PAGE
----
For many years during the first day of our Earth Literacy program participants would be invited to choose a natural subject outdoors and speak in its name as we processed around La Vista. The purpose was to deepen our appreciation for the wonderful interiority or subjectivity inherent in every being. It was a lovely experience, and we came away feeling more in communion with life around us, richer for this awakening. When it was my turn I usually chose clouds for my subject since I have always been charmed by their beauty as well as their silent lesson on differentiation. I loved speaking “for” them!
Some years ago I found a passage about the sky in Gerald May’s book The Wisdom of Wilderness that drew me further into interiority. Wanting this passage to sink deeply into my consciousness I adapted his words, creating a meditation for myself. I hope it speaks to you, too.
Sooner or later, I suspect,
the sky could teach us everything.
It is willing for that.
It waits to be noticed, to be looked into.
The apostle Paul said that we live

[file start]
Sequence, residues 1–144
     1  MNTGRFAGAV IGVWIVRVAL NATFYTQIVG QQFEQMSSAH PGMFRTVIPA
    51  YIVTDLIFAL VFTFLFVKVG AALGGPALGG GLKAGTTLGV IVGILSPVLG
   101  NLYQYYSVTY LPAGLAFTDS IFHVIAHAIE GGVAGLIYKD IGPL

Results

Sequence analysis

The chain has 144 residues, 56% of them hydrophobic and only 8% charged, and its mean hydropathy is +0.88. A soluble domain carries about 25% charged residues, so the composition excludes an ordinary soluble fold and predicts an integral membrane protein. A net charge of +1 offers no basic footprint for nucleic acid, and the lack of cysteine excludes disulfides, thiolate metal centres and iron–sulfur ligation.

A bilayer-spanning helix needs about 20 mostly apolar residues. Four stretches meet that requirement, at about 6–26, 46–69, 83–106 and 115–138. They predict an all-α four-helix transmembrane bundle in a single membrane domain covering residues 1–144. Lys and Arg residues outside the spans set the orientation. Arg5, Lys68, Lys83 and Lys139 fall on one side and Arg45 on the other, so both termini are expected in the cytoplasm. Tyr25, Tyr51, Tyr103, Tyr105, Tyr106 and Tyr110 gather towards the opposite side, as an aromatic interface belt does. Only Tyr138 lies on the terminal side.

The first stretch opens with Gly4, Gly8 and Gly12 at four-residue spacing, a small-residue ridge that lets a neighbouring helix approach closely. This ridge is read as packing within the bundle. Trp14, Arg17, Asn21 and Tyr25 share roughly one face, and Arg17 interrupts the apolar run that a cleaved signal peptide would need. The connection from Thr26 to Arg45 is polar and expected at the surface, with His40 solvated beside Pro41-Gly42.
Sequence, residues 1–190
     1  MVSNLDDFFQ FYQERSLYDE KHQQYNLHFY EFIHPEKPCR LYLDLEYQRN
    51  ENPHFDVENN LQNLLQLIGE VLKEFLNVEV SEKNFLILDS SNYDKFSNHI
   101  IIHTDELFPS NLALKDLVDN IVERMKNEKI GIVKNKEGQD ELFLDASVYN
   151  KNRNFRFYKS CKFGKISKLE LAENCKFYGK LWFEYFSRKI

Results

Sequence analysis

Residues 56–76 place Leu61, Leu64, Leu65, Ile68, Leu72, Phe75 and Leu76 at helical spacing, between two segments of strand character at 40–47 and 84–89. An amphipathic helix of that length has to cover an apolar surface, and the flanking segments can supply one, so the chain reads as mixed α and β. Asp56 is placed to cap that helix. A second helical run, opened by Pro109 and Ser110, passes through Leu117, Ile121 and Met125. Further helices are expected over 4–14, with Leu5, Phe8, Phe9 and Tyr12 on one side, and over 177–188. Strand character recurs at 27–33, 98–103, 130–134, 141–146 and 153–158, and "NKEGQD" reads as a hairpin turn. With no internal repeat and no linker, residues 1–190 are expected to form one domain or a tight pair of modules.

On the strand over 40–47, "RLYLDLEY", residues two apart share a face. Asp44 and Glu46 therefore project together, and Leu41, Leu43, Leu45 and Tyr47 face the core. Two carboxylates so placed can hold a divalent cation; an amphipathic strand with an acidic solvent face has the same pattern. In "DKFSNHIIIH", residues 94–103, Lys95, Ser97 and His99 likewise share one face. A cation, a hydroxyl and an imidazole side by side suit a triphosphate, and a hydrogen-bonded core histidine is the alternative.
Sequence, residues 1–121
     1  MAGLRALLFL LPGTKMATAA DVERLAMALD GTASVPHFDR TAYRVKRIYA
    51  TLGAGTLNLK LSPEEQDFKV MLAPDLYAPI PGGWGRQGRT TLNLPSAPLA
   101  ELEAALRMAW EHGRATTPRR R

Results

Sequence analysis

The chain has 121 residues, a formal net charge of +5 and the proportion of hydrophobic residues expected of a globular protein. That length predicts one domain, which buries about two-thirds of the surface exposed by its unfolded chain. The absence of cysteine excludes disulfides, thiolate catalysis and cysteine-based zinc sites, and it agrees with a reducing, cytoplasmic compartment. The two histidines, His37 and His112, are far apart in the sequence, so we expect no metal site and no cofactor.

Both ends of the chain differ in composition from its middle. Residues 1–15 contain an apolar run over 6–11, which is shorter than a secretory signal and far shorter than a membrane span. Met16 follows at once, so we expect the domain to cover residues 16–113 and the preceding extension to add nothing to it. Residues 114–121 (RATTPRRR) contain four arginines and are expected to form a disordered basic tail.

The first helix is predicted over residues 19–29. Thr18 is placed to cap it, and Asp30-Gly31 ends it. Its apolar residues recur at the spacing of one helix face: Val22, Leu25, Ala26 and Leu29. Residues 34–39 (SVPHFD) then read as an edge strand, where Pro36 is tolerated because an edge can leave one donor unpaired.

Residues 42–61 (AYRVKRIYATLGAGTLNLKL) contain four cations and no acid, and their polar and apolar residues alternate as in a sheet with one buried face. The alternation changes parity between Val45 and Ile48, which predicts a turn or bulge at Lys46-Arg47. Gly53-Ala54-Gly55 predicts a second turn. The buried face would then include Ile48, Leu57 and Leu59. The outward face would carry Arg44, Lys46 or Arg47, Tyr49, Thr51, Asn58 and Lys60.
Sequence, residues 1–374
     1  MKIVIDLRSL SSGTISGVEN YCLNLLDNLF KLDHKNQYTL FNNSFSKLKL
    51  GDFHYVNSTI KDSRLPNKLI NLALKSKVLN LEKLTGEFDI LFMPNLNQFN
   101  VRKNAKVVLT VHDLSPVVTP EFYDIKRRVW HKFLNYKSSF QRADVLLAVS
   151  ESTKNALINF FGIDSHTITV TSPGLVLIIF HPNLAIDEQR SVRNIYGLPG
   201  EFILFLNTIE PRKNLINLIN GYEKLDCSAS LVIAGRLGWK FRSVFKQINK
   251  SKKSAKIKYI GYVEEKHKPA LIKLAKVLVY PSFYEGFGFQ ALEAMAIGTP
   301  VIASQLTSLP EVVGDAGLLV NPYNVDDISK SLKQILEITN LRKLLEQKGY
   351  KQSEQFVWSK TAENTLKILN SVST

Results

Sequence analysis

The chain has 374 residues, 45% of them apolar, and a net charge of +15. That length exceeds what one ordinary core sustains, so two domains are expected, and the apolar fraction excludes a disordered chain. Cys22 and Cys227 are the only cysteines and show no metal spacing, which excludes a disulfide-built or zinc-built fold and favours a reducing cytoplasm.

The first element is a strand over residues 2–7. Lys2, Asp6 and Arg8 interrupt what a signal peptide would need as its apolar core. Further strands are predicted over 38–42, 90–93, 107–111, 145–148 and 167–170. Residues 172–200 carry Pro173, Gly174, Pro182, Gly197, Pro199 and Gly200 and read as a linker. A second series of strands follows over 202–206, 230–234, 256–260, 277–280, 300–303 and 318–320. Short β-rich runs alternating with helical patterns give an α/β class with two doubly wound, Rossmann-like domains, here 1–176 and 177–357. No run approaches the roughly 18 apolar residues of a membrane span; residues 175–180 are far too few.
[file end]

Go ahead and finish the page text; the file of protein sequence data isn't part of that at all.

and move and have our being in God.
If that’s true, one might ask,
how come God seems so far away?
Maybe it’s something like the sky.
The sky often seems distant,
but it’s always embracing us;
it always has and always will.
It not only holds us; it flows through us.
We breathe it.
It’s in our blood, in every cell.
And always we are soaring through
its endless reaches.
I can almost feel the sky
wanting to be appreciated,
loving to be wondered at.
It forms thousands of events to get our attention.
It manifests as a cloud right around us,
and we day, “It’s foggy.”
It showers us, and we say, “It’s raining.”
And it storms.
Following this meditation, it is time to participate in skying! I am grateful to John Constable for this word describing the practice of lying on your back on the ground and gazing skyward to watch the ever-changing clouds. Meditation plus this kind of embodiment can become a spiritual practice freely offered and gratefully received any day with a cloud-filled sky!